UCT Chancellor Graça Machel on climate change

UCT Chancellor Graça Machel’s speech on climate change at the closing ceremony of the UN Climate Summit last week (23 September 2014). Available on video here, starting at about minute 14.

Your excellency the General Secretary of the United Nations, the President of the General Assembly, Presidents, Prime Ministers and leaders from all corners of our globe and distinguished guests.

I won’t be speaking to you today about facts and statistics. We have heard them all before. Scientists have provided all the information, they have provided evidence.Graca Machel: it is not only about the profits but about our collective survival and wellbeing

So what I want to talk about today is courage, leadership and obligation. The Secretary General should be highly commended for his leadership in addressing development and climate change issues and the convergence between them. And the many leaders here today should also be commended for the range of pledges made that prioritize action to preserve our planet and future.

But let me be frank. We have reached a tipping point. So our commitments must be ambitious enough to stop us falling over the precipice. And personally I have mixed feelings. I acknowledge that there is the beginning of understanding of the gravity of the challenge that we face. But at the same time I have the impression that there is a huge mismatch between the magnitude and of the challenge and the response that we heard here today. The scale is much more than what we have achieved.

I am standing here as a citizen of the world, as you know.

On Sunday millions of people throughout the world took to the streets to demand action on climate justice (applause). This, our voices of women, of youth, of people living with disabilities, of islanders and more. These are the people who are directly affected and have vested interests in reversing climate change. The millions marching represent billions across the world, and we need to keep their faces and voices at the centre of our response. My personal feeling is: if it is theirs, then give them a response. Can we genuinely say that we are to preserve their lives, we are to secure their children, and grandchildren, and great grandchildren, can inherit a planet which is safe and sustainable?

I want to make an appeal.

I think each one of us as Head of State, or Prime Minister or Minister, Captain of Industry, or whoever, has made pledges here. Maybe we should go back to the drawing board and ask hard question: How far we have gone in terms of precipice? and how much would be needed if we seriously want them to reverse? Count it and cost it! And then to look at the pledges we have made today to say ‘Am I marching with my ambition that challenge’,

Because I have heard here from this impodium some years back pledges made. In 2000 when we were pledging the Millenium development goals we made promises and everyone was full of enthusiasm as we are today. And 15 years later we are coming to say ‘we didn’t meet this. We failed here and here’ These were millenium development goals but what we are talking about is the question of ‘Are we going to survive?’ or are we going all to surcomb? And with this I do not think we have a choice. It is not a question of a choice. It is a question of making the decision which is required to meet the challenge. That is why.

As political leaders and captains of industry, as individuals, we have no longer a choice. We simply have an obligation. And you, our leaders, must have the courage. You must have the courage to make decisions that will make you unpopular for some thousands of your citizens, but will protect us, the billions of people, and will protect the future of our planet and the future of our grandchildren.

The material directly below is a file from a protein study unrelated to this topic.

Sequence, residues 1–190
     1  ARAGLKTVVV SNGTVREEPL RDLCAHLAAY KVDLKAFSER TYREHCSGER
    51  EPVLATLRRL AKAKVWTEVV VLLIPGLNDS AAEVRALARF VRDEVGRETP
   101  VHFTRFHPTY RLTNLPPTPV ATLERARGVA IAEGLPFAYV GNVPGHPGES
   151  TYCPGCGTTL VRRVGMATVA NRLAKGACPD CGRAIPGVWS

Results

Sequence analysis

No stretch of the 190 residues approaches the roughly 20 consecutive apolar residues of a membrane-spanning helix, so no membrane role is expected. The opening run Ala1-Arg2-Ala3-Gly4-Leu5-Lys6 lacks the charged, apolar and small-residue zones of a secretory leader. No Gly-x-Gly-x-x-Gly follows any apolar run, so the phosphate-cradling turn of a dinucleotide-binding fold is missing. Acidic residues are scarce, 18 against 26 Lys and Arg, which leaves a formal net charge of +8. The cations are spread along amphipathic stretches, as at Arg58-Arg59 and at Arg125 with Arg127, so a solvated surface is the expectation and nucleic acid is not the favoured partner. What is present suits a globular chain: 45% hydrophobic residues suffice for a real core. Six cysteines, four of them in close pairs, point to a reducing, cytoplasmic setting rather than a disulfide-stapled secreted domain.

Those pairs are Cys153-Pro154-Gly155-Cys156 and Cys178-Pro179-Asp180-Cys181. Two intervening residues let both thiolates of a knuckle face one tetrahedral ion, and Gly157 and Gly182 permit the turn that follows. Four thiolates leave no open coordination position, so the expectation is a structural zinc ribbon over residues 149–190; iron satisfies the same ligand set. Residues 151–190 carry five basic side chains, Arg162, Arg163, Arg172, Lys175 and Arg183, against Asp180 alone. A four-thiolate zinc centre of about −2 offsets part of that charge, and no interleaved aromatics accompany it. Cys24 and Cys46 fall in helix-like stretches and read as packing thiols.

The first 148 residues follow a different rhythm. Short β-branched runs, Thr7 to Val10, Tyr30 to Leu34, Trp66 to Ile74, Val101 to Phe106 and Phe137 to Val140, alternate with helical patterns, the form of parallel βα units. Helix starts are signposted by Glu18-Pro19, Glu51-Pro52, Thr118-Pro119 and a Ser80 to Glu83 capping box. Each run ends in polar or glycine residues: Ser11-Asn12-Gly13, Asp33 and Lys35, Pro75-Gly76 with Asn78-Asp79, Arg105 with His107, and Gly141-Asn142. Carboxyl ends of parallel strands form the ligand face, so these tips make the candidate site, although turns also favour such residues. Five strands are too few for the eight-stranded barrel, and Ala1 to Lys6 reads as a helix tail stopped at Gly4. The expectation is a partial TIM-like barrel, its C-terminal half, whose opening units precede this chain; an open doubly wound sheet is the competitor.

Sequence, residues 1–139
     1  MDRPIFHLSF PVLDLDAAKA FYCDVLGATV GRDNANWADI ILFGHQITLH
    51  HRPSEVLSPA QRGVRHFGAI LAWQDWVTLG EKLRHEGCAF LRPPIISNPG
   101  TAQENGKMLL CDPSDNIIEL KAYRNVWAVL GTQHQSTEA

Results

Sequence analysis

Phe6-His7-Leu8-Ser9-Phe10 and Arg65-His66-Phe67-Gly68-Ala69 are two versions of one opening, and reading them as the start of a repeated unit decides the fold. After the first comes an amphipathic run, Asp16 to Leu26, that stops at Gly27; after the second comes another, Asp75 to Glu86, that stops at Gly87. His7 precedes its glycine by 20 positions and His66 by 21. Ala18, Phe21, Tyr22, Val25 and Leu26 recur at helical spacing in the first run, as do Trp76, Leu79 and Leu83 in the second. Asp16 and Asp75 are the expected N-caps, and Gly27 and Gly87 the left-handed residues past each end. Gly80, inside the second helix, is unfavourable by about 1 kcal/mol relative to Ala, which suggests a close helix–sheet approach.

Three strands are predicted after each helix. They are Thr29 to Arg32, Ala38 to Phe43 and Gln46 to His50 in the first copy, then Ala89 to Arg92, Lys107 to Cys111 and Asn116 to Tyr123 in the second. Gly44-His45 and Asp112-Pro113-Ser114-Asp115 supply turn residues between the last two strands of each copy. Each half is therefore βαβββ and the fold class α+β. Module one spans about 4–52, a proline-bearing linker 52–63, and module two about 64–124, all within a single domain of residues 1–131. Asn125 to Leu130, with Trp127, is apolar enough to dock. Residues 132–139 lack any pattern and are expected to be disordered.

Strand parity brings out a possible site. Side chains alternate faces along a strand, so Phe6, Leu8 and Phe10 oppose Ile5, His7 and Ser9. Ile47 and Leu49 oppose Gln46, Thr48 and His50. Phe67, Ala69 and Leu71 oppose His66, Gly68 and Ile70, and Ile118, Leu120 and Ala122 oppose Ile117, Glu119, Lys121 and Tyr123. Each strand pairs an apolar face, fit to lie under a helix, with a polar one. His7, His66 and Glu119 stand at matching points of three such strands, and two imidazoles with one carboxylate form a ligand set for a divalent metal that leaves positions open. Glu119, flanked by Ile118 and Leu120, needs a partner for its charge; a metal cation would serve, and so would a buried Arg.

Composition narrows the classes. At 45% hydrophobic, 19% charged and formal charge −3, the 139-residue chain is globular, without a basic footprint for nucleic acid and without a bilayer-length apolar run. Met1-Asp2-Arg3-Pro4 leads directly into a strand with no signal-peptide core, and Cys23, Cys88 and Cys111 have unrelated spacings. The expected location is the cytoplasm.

You must have the courage to tell business that it is not only about the profits but about our collective survival and wellbeing. That means you must have the courage whenever it is necessary to regulate so that change technologies have to be mandatory. You have to have the courage to work with civil society organisations, engage their voices, listen to them, take their ideas and actions into account in all the decisions you make. Because at the end of the day these are the people interested, with invested interests.

You must have the courage to listen to young people, the new generations. At the end of the day the future belongs to them not to us. Is the world which we are going to give them as inheritance and the business as usual approach. This is exactly what young people are challenging.

More than this, this is a key human rights issue which requires immediate and inevitable response. As the elders, a group I am pleased to belong to, we say, ‘Now not tomorrow’.

So the obligation in my view is to step up the ambition, is to maximise fairness, to increase the momentum, and to make sure that from now to Paris, each one of us has made their homework of matching the magnitude of the problem with the response we are prepared to do. We, citizens of the world, will be watching. More than watching: we are prepared to work with our governments. We are prepared to give our contribution fromn our communities as small farmers, rural, urban areas, we are prepared to step up to the challenge.

But all of us, we have an obligation to tell our children, our grandchildren, that here in 2014 we only began the journey, but the journey will only be completed, will be able to look into the eyes with pride and honesty when we have matched the magnitude of the problem with the response we are giving. And then we can, as any one of us, we want our children to inherit the best we can, the best of the planet we can have now, renewed and in a sustainable way, is what we began to make the pledges but the pledges are still to be stepped up.

I thank you.

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